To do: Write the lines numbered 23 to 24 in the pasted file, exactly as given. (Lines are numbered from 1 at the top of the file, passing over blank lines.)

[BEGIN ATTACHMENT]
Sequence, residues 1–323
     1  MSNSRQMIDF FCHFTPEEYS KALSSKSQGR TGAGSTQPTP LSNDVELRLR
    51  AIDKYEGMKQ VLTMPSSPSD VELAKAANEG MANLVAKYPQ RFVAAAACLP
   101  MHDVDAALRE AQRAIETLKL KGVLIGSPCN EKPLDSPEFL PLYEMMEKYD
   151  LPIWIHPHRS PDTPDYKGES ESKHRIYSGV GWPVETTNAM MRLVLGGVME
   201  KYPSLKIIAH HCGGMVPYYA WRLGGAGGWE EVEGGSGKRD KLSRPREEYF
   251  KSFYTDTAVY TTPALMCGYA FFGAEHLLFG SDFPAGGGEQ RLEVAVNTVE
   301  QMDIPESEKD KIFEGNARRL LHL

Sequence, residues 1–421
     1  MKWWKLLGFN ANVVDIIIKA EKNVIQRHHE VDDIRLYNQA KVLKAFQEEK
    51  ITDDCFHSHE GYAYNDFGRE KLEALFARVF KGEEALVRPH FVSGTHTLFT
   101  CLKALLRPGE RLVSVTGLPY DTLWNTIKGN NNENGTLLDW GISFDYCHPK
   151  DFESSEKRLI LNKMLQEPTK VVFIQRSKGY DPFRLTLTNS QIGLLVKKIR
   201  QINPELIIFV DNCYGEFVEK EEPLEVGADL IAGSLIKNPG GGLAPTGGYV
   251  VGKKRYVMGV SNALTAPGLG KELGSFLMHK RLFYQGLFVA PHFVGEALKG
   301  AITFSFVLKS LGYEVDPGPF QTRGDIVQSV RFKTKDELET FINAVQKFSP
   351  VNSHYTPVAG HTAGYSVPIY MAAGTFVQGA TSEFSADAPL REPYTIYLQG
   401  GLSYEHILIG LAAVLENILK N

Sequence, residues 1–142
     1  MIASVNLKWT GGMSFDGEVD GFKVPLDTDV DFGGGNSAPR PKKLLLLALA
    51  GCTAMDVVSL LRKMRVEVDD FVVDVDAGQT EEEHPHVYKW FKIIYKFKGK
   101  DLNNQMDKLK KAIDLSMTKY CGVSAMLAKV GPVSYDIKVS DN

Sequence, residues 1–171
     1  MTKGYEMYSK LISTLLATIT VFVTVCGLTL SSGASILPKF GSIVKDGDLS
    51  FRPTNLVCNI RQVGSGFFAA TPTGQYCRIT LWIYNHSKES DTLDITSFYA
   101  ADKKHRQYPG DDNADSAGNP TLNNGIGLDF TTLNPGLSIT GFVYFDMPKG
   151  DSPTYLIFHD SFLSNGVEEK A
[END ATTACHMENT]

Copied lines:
Sequence, residues 1–171
     1  MTKGYEMYSK LISTLLATIT VFVTVCGLTL SSGASILPKF GSIVKDGDLS